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Government, Rebels Conflict in Mineral-Rich Desert Region of Niger


Over the past year, desert nomad rebels in northern Niger have renewed violence against government targets in the uranium-rich Saharan region because of what the rebels say is continued neglect and discrimination. The government blames the violence on drug smuggling. Phuong Tran traveled through this conflict zone, and filed this report to VOA.

Rebels with the Movement of Nigeriens for Justice have stepped up desert attacks like this one earlier this year. More than 100 rebel fighters and civilians have died in the fighting. Rebels target military posts and companies supplying energy to the region's biggest money maker: uranium mines.

The rebels are mostly ethnic Tuareg, a desert nomad group found in the Sahara and Sahel.

Rebel armed forces leader Amoumene Kalakouawa fought in the last Tuareg uprising during the 1990s.

He says the state still neglects nomads despite a decade-old peace deal.

"More than 30 years of mining has left us even poorer than before. We just want a say in what happens in the desert. And for the state to share uranium profits with us,” he added. “What they are doing is like building a water well in someone's home, but not letting people who live there drink from it."

Niger's President Mamadou Tandja refuses to negotiate with the rebels, calling them drug traffickers. He says they want to keep out law enforcement and mining companies in order to transport drugs through the mostly unpatrolled desert. The rebels deny this.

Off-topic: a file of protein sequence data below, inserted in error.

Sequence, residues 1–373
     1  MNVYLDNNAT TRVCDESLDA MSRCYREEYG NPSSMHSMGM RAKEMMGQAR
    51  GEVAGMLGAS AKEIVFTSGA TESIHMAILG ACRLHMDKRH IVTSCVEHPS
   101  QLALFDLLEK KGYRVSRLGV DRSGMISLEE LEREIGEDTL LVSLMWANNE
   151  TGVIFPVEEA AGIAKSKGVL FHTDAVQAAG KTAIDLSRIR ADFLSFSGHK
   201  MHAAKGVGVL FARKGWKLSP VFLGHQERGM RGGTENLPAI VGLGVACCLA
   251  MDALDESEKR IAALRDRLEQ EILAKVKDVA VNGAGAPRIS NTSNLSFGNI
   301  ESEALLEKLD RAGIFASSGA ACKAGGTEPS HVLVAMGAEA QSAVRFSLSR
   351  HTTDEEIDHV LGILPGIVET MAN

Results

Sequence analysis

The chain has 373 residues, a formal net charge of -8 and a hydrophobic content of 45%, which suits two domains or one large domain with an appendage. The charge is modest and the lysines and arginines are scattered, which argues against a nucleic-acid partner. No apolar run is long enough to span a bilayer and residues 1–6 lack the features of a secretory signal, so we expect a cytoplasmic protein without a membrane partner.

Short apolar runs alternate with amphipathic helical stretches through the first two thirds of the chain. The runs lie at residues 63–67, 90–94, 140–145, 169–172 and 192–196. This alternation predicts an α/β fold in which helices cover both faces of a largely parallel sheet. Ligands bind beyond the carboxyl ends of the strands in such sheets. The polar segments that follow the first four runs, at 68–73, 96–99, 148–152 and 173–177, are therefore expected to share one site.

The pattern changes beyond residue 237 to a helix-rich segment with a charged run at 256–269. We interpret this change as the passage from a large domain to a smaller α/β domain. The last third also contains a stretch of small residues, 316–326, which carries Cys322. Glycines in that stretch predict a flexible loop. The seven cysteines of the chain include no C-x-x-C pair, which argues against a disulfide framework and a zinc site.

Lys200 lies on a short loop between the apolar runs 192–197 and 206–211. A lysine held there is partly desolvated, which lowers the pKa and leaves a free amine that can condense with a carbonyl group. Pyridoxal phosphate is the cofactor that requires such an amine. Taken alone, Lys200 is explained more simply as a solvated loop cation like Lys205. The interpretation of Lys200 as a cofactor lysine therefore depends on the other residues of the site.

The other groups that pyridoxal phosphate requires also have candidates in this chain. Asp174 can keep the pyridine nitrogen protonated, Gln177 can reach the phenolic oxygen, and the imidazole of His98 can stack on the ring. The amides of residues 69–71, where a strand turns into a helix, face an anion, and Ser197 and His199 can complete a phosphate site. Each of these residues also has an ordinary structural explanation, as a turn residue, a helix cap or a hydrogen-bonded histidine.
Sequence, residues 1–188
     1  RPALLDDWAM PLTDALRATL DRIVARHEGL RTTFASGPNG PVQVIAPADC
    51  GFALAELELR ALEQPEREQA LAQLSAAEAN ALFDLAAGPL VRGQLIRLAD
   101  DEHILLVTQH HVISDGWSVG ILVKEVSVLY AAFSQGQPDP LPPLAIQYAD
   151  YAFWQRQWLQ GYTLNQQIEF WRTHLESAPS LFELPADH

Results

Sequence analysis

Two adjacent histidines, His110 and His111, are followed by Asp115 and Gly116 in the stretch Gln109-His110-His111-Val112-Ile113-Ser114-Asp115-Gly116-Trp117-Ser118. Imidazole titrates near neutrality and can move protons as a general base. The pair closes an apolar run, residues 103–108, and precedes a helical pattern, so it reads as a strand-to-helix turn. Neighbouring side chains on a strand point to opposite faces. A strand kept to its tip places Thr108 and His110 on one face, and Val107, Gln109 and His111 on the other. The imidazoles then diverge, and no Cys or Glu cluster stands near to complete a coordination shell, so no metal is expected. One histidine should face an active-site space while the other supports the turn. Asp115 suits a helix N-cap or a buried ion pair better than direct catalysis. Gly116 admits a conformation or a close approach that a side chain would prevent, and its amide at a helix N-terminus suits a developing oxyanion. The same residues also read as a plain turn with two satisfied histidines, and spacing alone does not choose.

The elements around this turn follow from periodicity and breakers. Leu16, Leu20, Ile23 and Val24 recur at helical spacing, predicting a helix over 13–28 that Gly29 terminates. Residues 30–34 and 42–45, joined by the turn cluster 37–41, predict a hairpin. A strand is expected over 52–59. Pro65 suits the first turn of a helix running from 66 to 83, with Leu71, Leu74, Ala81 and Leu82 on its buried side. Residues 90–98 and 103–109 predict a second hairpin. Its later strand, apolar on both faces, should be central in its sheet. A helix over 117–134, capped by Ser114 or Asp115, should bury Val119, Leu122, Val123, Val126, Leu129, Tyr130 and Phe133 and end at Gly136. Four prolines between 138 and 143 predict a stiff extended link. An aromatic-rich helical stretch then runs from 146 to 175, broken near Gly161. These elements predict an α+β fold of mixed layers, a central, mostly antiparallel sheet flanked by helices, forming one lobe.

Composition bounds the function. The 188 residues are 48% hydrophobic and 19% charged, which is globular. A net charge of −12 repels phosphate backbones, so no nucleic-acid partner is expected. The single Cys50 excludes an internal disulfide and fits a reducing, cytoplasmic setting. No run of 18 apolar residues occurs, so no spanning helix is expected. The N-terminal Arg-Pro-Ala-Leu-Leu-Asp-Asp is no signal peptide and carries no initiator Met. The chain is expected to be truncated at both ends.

Up until last year, France was the region's only mining investor, using Niger's uranium to supply its nuclear energy needs. But last year, numerous other new energy-hungry investors won mining contracts in the north.

Rebels have threatened to disrupt mining activities until they get a bigger share of profits.

Throughout the mountains, rebel fighters train in desert warfare. Since last August, the government has placed more than half the country under a state of alert. Security forces carry out identity checks and detain people suspected of working with the rebels.

Herder Istapha Ehiya says his grazing camels wandered last December out of the desert onto the paved road linking the mining towns, Arlit and Agadez.

"Soldiers stopped me when I crossed the road looking for my camels. They searched me, shot three of my camels, and accused me of planting a land mine that killed government soldiers the day before.” said Ehiya.

The 70-year-old herder lives 40 kilometers from where he was arrested. He says he did not know about the mine explosion.

Ehiya was released after nine days in detention.

He has retreated deeper into the Air Mountains. He says that perhaps in this corner of the desert he and his animals will be safe from the rebellion.

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